Consumer electronics retail is a brutal business. A number of once large and dominant companies have been lost to bankruptcy, including Circuit City and, more recently, RadioShack.
Investors looking for exposure don't have that many options, and the ones left are typically far more diversified. Still, it may be prudent to invest in electronics retail: The number of consumer electronics categories has been ballooning in recent quarters, with new categories (including fitness trackers, smartwatches, set-top boxes, and smart home devices) emerging at a rapid rate.
Best Buy is the best pure electronics retailer
Best Buy is really the only quality, publicly traded pure electronics retailer left. Best Buy does sell more traditional home appliances -- washers, dryers, stoves and such -- and media, but almost 80% its revenue comes from the sale of consumer electronics, including TVs, stereos, game consoles, smartphones, PCs, and tablets.
Best Buy has been on a roller-coaster ride over the last few years. In 2012, it was commonly seen as a potential bankruptcy candidate, and it lost its CEO amid allegations of an inappropriate workplace relationship. Its founder, Richard Schulze, tried to take the company private, but ultimately couldn't put a deal together.
Since then, however, Best Buy has largely moved in one direction: up. Including dividends, Best Buy has returned nearly 120% since August, 2012.
Best Buy's current CEO, Hubert Joly, has remade the company, slashing costs and focusing on its online operations. Best Buy's profitability has increased -- its adjusted earnings per share rose 25% last year on an annual basis -- and its cash balance has soared. About one quarter of Best Buy's market cap was in cash at the end of last quarter.
Best Buy's management plans to continue slashing costs and returning excess capital to shareholders. It paid a special dividend earlier this month, and it has begun buying back shares for the first time in several years.
Amazon is much bigger than electronics
Amazon is also a dominant force in electronics retail -- though exactly how dominant is difficult to say.
Amazon doesn't break out its consumer electronics sales the way Best Buy does; instead it lumps it in with its "general merchandise" -- an enormous category that includes all manner of products. But its Amazon's single largest category, and it's growing rapidly. Last year, Amazon derived about 70% of its sales from electronics and general merchandise, up about 24% on an annual basis.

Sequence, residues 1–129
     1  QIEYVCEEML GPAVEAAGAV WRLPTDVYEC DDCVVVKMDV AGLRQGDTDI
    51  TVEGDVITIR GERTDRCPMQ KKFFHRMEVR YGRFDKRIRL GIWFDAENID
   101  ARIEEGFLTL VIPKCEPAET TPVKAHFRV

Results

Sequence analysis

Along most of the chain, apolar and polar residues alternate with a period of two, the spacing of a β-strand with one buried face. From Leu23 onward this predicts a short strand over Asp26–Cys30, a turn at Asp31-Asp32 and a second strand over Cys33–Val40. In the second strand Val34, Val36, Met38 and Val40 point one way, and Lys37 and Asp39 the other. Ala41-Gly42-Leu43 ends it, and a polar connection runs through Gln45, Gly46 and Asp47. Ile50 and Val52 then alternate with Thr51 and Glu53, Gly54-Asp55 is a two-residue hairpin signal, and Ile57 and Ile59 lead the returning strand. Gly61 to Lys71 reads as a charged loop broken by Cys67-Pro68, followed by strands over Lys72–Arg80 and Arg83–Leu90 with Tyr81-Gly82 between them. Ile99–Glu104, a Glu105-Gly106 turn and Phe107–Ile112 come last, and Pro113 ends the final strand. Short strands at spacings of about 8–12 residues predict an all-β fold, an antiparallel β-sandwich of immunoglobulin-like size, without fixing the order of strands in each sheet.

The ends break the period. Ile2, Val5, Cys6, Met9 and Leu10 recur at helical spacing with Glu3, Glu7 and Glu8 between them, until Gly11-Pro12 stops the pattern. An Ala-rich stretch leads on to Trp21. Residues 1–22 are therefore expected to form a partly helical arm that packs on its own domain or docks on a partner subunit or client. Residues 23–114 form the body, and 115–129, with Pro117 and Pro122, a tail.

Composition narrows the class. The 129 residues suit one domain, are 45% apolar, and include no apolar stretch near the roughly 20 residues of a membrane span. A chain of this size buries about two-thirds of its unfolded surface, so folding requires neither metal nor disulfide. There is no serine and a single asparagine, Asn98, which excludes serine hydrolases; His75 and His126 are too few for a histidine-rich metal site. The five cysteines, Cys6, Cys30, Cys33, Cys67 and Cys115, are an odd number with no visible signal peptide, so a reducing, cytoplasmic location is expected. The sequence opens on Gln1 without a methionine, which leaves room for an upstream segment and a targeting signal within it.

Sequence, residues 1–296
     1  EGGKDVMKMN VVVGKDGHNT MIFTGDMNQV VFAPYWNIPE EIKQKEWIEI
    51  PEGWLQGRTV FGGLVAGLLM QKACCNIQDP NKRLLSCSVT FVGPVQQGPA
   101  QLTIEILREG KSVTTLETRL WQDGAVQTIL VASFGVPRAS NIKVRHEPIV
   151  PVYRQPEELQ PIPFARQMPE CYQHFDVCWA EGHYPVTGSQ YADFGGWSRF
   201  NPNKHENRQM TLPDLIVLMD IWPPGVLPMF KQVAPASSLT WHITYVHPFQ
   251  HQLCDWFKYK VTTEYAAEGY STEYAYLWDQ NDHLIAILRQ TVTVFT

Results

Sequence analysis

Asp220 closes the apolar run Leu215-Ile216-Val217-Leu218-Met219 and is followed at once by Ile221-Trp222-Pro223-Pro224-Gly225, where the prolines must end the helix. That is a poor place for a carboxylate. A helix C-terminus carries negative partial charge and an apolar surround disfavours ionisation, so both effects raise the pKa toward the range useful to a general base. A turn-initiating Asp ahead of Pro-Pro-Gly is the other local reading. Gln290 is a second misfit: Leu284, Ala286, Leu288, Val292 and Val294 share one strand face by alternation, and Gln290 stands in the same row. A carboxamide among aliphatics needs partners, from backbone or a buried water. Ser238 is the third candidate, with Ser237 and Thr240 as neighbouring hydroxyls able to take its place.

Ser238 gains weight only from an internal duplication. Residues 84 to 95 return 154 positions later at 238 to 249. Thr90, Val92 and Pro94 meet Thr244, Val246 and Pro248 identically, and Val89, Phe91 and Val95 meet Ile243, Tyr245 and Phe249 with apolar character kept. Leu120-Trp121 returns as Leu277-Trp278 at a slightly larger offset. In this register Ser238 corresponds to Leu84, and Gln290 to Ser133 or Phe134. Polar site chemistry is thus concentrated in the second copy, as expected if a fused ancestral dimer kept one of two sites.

Amazon has an obvious advantage when it comes to consumer electronics, a category of products that lends itself to online shopping. In contrast to apparel or food, which may be better sold in stores, consumer electronics are uniform devices with no expiration dates.
GameStop is betting on consumer electronics
GameStop's core business -- the sale of physical video game discs -- has been under assault for several years. The rise of online storefronts and full-game downloads has called into question the long-term viability of focused video game retail. In an effort to diversify its business, GameStop has shifted into more general consumer electronics -- and it's had a tremendous amount of success.
GameStop has three other store brands: Cricket Wireless, Spring Mobile, and Simply Mac, collectively known as GameStop's technology brands segment. Spring Mobile and Cricket Wireless sell smartphones; Simply Mac sells Apple products. Technology brands are still, relatively speaking, a small part of GameStop's business, but they're growing at a rapid pace. In February, GameStop secured 163 RadioShack leases for the segment, aiming to expand the footprint of Spring Mobile. GameStop's namesake stores have also begun to dabble in consumer electronics, engaging in the purchase and resale of used gadgets, primarily smartphones and tablets.
Last year, consumer electronics generated only 5.6% of GameStop's sales, but about 7% of its gross profit. It's also a high-margin -- 36% -- business, and it's growing rapidly. GameStop's consumer electronics revenue rose more than 70% last year, and its gross profit nearly tripled.
Investors will likely think of GameStop more as a video game retailer than a consumer electronics company for some time, but if its technology brands segment continues its rapid expansion, that may change.
Sam Mattera has no position in any stocks mentioned. The Motley Fool recommends Amazon.com. The Motley Fool owns shares of Amazon.com and GameStop. Try any of our Foolish newsletter services free for 30 days. We Fools may not all hold the same opinions, but we all believe that considering a diverse range of insights makes us better investors. The Motley Fool has a disclosure policy.